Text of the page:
JEFFERSON CITY, Mo. (AP) - Missouri House Democrats are preparing to outline a tax cut proposal, despite their fierce opposition to a Republican tax plan last year.
Rep. Jon Carpenter, a Democrat from Kansas City, was expected to file legislation and release his plan to reduce state taxes on Monday.
Another Kansas City Democrat, Sen. Jolie Justus, has signaled that her party would be open to tax cuts under certain circumstance. She says it is a matter of who benefits from the cuts.
House Democrats voted last year against a Republican proposal to reduce individual and corporate income tax rates over 10 years. The GOP plan failed when the Legislature could not secure enough votes to override Democratic Gov. Jay Nixon's veto.
SPRINGFIELD, Ill. (AP) - Illinois is creating a statewide system to regulate access to firearms by people who have mental health problems.
The Department of Human Services unveiled an online database Monday that will be used to compile information about people a professional deems a "clear and present danger" to themselves or others.
Human Services Secretary Michelle R.B. Saddler says Illinois' new concealed-carry law broadened the requirements of who must report information and kind of details must be shared.
Mental health professionals must report people in Illinois who've been declared in court to be mentally disabled, developmentally disabled, or meet qualifications for posing a "clear and present danger."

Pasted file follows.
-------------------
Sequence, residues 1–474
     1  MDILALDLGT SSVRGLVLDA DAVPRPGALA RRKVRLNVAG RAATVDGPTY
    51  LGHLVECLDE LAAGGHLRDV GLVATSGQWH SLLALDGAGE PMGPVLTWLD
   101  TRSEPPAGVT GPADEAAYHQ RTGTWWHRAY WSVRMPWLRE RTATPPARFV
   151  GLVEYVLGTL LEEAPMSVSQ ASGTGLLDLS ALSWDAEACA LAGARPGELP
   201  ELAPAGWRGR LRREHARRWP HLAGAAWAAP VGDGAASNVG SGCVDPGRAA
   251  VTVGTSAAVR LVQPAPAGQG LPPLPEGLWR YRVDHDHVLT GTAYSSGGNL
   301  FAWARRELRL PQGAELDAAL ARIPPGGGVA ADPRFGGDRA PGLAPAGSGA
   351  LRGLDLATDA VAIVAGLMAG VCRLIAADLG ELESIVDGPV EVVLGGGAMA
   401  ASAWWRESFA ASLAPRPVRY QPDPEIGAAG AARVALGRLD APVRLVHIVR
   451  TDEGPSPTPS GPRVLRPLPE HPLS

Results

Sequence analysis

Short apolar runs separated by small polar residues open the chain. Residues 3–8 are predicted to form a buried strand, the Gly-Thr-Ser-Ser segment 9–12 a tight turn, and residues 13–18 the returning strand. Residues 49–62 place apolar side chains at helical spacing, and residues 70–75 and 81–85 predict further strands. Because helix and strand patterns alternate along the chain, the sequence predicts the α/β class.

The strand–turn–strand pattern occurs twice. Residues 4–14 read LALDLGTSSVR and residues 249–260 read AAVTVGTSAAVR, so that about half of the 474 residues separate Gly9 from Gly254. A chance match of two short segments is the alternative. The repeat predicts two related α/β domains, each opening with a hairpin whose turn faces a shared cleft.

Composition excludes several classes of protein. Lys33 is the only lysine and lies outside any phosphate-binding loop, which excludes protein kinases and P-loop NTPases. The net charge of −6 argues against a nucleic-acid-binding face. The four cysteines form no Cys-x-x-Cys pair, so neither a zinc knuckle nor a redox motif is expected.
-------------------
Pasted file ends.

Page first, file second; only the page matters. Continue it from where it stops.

That information is checked against a list of those qualified to own a gun. The Illinois State Police then investigate the matter.
O'FALLON, Mo. (AP) - Ameren Missouri plans to build a solar energy facility in O'Fallon, Mo.
The St. Louis-based utility announced plans for the multimillion-dollar facility on Monday. Ameren says the plant will provide 5.7 megawatts of electricity, enough to power about 650 homes.
The project is expected to create up to 70 construction jobs. Work should begin in April and Ameren hopes to have the project operating by December.
SPRINGFIELD, Ill. (AP) - Illinois residents have just begun applying for licenses to carry concealed weapons. But lawmakers have already begun tinkering with the new law.
The Arlington Heights Daily Herald reports Monday that legislators have introduced bills to increase penalties for carrying guns where they're not allowed; punish instructors who don't carry out training; and lower the legal age for carrying.
Illinois became the last state in the nation to allow concealed carry last July. It allows anyone with 16 hours of training to pay a $150 fee to get a license.
Villa Park Democratic Rep. Deborah Conroy wants to increase criminal penalties for taking a gun into a school. Republican State Rep. Ed Sullivan of Mundelein (MUN'-dih-lyne) wants instructors who commit fraud to go to jail.